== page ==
Orton Lodge, farther east, is an altered house, probably of the 17th century; it has a diagonal chimneyshaft: the walls are rough-casted.
On the north side of the road, west of the graveyard, is a house of brick with a back extension of 17th-century timber-framing.
West of it, behind an inn, is a derelict 17th-century timber-framed cottage known locally as the old manorhouse. (fn. 5) It has a great stone fire-place.
Farther west, at the corner of the road to the bridge, is another timber-framed house of farm-house type.
In 1329 Richard de Clodeshale settled 30 acres of land, 10 acres of meadow, and 60s. rent in 'Overton by Coleshill' on himself for life, with remainder to Walter de Clodeshale and his heirs. (fn. 6) Walter appears in 1332 as the largest taxpayer in Water Orton, (fn. 7) and the manor of WATER ORTON was in the hands of Ralph de Arden at his death in 1452, through marriage with Elizabeth daughter and heir of Richard de Clodeshale. (fn. 8) It then descended in the family of Arden with Park Hall in Castle Bromwich (q.v.), passing on the death of Robert Arden in 1643 to his four sisters (fn. 9) and subsequently to the Bridgemans with Park Hall.
A so-called manor of Water Orton was in the possession of Bartholomew Tate, of De la Pré in Harding-stone (Northants), (fn. 10) in 1552. (fn. 11) On the death of his son Bartholomew in 1601 it was called TATE'S MANOR and was held of the Arden manor, (fn. 12) passing to his son Sir William Tate, who was dealing with it in 1606, (fn. 13) after which no more is heard of it.
The inhabitants of Water Orton were parishioners of Aston, but attended the chapel of Bromwich for ordinary divine service until 1346. In that year they built a chapel of their own, and on 2 August were licensed by Bishop Roger Northburgh to have it served by a priest, subject to the rights of the mother church of Aston. (fn. 14)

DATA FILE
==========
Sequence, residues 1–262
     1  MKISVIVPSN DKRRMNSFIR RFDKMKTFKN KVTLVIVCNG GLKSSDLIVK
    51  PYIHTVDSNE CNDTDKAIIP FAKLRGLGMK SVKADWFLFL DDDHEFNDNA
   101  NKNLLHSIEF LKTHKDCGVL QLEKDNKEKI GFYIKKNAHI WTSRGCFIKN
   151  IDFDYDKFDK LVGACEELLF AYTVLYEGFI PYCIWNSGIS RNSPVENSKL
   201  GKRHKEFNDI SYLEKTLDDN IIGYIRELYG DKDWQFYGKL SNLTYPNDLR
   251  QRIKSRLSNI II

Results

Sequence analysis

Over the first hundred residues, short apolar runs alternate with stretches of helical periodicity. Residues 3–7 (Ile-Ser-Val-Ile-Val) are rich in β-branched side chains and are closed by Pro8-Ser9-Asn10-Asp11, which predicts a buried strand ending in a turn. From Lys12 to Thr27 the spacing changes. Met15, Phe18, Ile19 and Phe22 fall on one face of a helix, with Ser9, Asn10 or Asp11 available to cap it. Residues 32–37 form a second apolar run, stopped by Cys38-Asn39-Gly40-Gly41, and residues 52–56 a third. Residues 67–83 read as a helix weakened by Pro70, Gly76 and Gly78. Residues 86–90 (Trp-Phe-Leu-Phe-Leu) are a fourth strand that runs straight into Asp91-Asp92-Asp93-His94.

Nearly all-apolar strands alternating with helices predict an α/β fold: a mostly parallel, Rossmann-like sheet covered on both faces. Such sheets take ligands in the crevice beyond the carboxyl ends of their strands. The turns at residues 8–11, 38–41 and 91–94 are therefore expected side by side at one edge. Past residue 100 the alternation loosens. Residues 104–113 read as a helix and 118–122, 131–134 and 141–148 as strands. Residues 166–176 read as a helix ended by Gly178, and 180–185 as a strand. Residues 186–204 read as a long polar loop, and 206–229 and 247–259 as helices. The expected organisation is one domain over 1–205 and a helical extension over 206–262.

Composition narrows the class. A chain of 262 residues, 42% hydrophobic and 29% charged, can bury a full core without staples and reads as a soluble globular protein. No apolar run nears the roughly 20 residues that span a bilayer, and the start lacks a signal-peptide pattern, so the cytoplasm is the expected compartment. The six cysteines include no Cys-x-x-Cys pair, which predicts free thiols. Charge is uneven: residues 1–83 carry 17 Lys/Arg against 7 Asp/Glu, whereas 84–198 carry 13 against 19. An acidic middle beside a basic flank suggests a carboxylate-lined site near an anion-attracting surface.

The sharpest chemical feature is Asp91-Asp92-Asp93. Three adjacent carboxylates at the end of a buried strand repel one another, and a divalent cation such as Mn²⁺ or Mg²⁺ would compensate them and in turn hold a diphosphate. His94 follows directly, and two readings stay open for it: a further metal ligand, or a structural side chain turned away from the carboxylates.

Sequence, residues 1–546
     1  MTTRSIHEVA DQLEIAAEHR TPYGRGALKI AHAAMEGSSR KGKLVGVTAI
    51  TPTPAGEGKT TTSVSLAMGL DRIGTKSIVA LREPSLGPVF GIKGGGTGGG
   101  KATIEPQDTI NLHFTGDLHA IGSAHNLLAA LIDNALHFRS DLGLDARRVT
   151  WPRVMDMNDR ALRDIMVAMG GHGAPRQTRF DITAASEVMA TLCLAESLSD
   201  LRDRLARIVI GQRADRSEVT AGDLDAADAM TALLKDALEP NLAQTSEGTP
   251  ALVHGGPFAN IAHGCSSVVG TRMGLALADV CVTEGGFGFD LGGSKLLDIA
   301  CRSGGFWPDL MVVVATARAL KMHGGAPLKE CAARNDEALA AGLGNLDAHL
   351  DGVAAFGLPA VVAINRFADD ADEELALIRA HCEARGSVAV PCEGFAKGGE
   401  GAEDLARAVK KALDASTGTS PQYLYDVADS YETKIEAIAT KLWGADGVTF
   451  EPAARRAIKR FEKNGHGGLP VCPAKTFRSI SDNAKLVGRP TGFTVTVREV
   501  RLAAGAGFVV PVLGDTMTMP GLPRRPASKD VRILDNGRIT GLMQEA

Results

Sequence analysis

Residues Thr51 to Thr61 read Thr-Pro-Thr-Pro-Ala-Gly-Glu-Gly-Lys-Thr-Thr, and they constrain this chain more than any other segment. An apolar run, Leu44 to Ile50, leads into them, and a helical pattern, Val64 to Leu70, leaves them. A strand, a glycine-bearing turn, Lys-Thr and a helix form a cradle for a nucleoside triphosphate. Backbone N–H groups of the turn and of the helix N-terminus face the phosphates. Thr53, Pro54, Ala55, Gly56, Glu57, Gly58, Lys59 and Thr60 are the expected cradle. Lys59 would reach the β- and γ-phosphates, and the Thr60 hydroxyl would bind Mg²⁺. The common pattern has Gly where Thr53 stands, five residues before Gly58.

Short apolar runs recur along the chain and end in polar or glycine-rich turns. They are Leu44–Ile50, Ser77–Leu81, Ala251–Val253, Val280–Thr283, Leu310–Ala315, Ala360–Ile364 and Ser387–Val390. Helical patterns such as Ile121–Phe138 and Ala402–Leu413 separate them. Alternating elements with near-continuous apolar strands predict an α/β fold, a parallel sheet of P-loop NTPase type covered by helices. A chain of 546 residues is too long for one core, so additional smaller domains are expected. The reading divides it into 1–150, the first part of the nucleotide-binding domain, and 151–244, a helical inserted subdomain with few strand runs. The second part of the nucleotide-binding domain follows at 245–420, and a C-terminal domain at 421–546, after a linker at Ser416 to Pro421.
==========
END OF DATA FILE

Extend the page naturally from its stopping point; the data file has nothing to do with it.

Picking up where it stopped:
Thomas Jenkins by will dated 19 Jan. 1871 bequeathed £300 upon trust to apply the income in the purchase of coal for poor cottagers in Water Orton. The charity is now regulated by a Scheme of the Charity Commissioners dated 27 March 1908, under which six trustees apply the income for the benefit of the poor of Water Orton in the supply of clothes, &c., medical or other aid in sickness, food or other articles in kind. The endowment is now represented by a rent-charge of £12 12s. paid by the Dudley Canal Company.
Frances Hargrave by will dated 11 June 1883 gave to the vicar and churchwardens of St. Peter and St. Paul, Water Orton, £100 to apply the income thereof in gifts of bread or clothing to the old or poor people in Water Orton; and Julia Hargrave by will dated 11 June 1883 gave £100 on similar trusts. The Charities are administered together and the total income, amounting to £5 12s. 8d., is distributed to the poor in clothing.
Robert Lloyd's Charity. By Indentures of Lease and Release dated 23 and 24 Feb. 1687 Robert Lloyd granted and released to trustees all his messuages, cottages, lands, and hereditaments in Sutton Coldfield and Curdworth upon trust to pay the rents and profits to the minister, curate, or chaplain being an orthodox man of the Church of England who should be placed, settled, nominated, or appointed by the trustees to officiate in the Chapel of Water Orton. The income of the charity, amounting to £300 (approx.) per annum, derived from land, freehold grounds, rents, and stock, is paid to the Vicar of Water Orton as directed. Trustees of the charity are appointed by order of the Charity Commissioners.